[URBANTH-L]AAA CFP: Technologies of Surveillance

Angela Jancius jancius at ohio.edu
Tue Mar 27 16:13:19 EDT 2007

From: Sandhya Ganapathy <sandhyag at temple.edu>

CFP - AAA 2007:   
Technologies of Surveillance: Fear, Faith and Expertise in 
U.S. Context 

In the current US context of heightened militarism and fear, 
concepts of the individual and individual rights are 
shifting as personal information increasingly falls within 
the public domain.  Within these social and political 
contexts, citizens are asked to put aside concerns over 
individual rights and personal privacy in favor of state 
interests and corporate growth.  This panel examines the 
ways in which boundaries between public and private domains 
continue to shift, specifically how state and corporate 
structures reconstitute constructions of self.  Through 
a 'politics of fear,' state officials and corporate entities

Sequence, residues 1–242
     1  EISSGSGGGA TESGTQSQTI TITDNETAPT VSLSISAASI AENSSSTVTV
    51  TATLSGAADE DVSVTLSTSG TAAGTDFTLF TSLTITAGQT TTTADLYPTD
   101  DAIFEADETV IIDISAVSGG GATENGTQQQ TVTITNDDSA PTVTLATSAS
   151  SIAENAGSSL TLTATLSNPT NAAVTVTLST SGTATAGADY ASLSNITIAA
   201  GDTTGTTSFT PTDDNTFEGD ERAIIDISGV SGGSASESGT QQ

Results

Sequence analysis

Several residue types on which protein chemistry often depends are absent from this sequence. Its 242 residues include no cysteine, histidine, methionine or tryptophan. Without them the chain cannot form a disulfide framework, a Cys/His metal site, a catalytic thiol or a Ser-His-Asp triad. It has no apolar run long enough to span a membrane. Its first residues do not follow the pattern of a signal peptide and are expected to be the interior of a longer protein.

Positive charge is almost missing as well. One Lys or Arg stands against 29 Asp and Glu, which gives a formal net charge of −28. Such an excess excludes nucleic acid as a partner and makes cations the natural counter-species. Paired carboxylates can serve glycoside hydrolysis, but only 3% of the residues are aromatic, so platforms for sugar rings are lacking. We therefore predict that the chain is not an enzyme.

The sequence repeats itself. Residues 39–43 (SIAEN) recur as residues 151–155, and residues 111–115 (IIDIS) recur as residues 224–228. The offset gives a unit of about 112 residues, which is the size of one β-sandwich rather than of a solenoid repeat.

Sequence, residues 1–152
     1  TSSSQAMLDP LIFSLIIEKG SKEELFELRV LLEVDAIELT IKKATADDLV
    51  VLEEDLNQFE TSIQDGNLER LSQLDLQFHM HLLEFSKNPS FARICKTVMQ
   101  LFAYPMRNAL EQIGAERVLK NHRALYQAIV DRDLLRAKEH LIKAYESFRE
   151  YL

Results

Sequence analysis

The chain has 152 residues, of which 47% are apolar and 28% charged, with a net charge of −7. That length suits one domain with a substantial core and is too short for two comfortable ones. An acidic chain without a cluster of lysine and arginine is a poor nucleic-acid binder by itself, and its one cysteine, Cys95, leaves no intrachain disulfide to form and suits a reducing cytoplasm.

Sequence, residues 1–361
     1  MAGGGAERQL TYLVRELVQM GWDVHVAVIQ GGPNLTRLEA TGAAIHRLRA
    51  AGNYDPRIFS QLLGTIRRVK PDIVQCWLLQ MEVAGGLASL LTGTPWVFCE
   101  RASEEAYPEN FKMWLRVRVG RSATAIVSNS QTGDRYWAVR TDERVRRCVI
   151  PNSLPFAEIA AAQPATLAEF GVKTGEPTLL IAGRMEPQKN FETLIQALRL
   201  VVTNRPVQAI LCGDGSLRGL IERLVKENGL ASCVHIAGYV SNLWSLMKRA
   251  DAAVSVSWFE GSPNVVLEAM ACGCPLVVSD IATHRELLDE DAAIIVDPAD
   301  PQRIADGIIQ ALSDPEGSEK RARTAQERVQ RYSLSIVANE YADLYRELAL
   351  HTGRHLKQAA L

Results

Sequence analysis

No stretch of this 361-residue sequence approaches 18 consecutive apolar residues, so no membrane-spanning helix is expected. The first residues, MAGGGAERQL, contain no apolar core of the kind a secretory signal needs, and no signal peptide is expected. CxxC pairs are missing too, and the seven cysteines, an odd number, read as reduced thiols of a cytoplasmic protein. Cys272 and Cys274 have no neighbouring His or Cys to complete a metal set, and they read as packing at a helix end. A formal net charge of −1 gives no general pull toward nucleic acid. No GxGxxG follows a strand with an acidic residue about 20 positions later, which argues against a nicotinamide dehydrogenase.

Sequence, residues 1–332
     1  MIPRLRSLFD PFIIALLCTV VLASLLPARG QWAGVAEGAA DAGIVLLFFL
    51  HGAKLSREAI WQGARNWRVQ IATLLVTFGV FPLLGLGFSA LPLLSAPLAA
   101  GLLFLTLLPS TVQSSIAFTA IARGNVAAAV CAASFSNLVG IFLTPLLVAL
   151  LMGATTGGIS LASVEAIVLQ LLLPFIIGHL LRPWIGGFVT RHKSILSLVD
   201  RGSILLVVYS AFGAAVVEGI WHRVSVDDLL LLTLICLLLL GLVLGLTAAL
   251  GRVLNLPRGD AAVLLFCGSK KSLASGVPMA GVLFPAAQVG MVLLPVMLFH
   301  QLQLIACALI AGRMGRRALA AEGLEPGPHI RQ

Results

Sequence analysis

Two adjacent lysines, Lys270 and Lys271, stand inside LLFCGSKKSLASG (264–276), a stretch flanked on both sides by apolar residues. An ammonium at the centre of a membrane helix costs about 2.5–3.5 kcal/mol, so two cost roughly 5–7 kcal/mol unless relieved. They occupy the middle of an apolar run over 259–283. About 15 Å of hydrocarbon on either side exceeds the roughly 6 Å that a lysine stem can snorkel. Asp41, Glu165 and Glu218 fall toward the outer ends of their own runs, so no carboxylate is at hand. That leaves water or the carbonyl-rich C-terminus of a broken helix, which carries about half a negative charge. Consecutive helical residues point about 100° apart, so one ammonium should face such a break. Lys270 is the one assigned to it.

alike entrust those with technological expertise to address 
problems as varied as terrorism, public and personal health 
and environmental degradation.  The development of 
technologies and processes of surveillance suggest that 
mining and collecting information and external and internal 
monitoring over space and place, the body and nature are 
synonymous with safety, health and public good.  The papers 
in this panel address how such processes encourage 
individual collaboration with experts and how faith in 
expertise is used as way to address public concerns over 
fear and safety.  In addition, the papers consider questions 
regarding whether technologies and processes of surveillance 
are meaningful solutions to public concerns or whether they 
are most meaningful to interests who stand to profit from 

We invite paper submissions addressing the following or 
related areas:
. Technologies of medical surveillance
. Self-governance in public space
. Environmental monitoring and management policy
. Faith in expertise
. Shifting designations of public and private

Please email abstracts and questions or comments by March 
29, 2007 to:
Lisa Jane Hardy, PhD lisajane at temple.edu
Sandhya Ganapathy, ABD sandhyag at temple.edu

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